Subversive Poet: John Alton on the Border

Border Incident (1949) is perhaps the one film of the remarkable late 40s collaboration among cinematographer John Alton, director Anthony Mann, and writer John C. Higgins, where Alton’s imagery is wholly subversive.  Ostensibly a police procedural about the trafficking of illegal farm workers from Mexico for the farms of Southern California, Alton’s rendering of the desert landscape with a haunting natural light elevates the exploitation of the ‘braceros’ to the realm of tragedy, and from tragedy to a damning political indictment.

Morover, the scene where the undercover agent Jack is murdered by the furrowing blades of a tractor, is one of the most horrific in film noir.  As noted in my Dec 2008 post, Noir Citizenship and Anthony Mann’s Border Incident, Professor Jonathan Auerbach observes that the American  immigration agent “gets ground into American soil by the monstrous machinery of US agribusiness… [this is] a purely noir moment of recognition that reveals the terrifying underbelly of the American farm industry itself in its dependence on and ruthless exploitation of Mexican labor”.  Plus ca change plus la meme chose.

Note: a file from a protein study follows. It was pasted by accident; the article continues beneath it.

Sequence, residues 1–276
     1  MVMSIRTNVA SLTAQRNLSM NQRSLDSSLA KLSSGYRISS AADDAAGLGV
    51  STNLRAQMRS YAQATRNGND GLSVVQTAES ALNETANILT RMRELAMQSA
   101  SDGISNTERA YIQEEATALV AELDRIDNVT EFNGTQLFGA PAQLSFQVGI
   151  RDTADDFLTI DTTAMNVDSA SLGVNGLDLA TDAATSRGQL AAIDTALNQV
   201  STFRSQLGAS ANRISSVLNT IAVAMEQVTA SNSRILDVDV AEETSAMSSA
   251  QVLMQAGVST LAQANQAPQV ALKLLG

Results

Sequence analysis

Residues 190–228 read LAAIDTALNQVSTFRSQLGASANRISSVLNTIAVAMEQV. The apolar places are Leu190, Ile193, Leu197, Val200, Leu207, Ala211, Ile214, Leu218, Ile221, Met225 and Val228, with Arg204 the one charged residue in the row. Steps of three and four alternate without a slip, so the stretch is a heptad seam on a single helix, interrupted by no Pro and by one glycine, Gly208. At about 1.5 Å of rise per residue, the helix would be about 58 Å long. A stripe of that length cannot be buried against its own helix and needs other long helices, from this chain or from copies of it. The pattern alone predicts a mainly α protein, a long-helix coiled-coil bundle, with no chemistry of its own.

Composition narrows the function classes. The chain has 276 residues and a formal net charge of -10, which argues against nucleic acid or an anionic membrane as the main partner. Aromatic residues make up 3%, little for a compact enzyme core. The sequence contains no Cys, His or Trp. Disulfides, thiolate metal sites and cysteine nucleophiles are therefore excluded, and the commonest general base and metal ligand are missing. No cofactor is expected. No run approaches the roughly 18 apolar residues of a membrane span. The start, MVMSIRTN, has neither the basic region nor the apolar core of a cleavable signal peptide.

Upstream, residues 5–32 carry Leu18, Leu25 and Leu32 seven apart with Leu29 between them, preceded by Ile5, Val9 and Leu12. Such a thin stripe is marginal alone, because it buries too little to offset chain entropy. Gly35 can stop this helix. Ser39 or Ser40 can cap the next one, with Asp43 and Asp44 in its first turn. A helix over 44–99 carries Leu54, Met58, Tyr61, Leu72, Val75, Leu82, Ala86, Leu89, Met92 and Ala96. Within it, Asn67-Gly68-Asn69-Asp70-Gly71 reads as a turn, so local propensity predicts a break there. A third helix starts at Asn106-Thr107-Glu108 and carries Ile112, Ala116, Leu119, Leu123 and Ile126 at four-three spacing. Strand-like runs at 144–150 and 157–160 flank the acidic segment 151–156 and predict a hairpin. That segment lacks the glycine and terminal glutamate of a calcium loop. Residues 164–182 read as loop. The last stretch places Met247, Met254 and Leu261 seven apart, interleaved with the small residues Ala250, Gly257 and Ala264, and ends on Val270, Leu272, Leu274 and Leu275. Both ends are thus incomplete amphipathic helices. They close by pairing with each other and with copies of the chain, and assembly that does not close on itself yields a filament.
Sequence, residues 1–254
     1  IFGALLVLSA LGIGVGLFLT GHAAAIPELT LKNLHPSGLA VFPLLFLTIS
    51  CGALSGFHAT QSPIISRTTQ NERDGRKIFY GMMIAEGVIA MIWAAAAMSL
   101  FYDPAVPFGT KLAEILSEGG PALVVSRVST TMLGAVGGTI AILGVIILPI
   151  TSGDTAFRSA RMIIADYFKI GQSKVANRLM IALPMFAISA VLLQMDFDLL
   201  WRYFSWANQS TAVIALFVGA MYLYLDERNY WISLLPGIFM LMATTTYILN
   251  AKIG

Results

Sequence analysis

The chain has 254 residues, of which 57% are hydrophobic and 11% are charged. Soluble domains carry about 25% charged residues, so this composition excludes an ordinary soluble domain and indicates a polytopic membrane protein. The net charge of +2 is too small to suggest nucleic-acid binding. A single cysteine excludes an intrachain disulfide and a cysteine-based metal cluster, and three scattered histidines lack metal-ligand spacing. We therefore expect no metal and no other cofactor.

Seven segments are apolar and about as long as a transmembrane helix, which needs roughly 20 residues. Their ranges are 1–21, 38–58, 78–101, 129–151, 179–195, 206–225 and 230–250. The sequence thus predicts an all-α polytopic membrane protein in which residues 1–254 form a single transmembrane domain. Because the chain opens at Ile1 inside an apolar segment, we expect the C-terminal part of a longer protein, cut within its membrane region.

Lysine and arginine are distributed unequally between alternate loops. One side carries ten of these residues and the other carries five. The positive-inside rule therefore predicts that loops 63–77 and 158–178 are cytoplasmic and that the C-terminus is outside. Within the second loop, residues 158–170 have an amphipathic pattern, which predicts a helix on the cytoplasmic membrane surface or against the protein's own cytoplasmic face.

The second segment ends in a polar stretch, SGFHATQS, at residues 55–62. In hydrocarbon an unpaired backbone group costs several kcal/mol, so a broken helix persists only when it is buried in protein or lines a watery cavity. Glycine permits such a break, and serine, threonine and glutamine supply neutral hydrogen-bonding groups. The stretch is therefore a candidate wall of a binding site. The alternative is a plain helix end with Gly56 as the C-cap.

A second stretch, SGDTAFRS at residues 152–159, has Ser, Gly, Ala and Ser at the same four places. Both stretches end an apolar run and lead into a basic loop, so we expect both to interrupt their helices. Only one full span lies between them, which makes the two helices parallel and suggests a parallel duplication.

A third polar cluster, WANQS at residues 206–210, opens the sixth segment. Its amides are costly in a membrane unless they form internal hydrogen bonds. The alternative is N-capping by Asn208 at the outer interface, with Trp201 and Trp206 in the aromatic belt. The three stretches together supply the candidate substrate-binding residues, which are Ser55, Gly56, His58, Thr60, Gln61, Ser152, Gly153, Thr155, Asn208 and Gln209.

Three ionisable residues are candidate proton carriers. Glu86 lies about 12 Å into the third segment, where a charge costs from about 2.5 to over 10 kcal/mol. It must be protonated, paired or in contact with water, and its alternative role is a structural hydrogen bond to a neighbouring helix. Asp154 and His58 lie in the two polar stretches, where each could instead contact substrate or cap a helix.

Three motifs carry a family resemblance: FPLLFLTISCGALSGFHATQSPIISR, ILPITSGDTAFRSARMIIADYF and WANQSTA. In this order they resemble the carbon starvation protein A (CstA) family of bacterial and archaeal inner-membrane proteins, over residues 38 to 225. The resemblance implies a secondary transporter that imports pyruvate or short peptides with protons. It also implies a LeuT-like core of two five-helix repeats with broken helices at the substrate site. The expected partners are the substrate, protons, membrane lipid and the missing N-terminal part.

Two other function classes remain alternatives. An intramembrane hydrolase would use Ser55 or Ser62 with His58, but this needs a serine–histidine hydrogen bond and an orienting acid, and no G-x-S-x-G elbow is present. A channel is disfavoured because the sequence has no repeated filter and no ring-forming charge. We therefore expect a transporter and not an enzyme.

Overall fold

I put forward these frames from Border Incident in support.

4 thoughts on “Subversive Poet: John Alton on the Border”

  1. Positively brilliant stuff here–the commentary (dead-on!) and this fantastic screen cap presentation. I saw this film three months ago at the Anthony Mann Film Festival in Manhattan, and was admittedly deeply disturbed looking at that infamous tractor scene, but I totally agree that Alton’s imagery is subversive here. This is a rather underrated film too.


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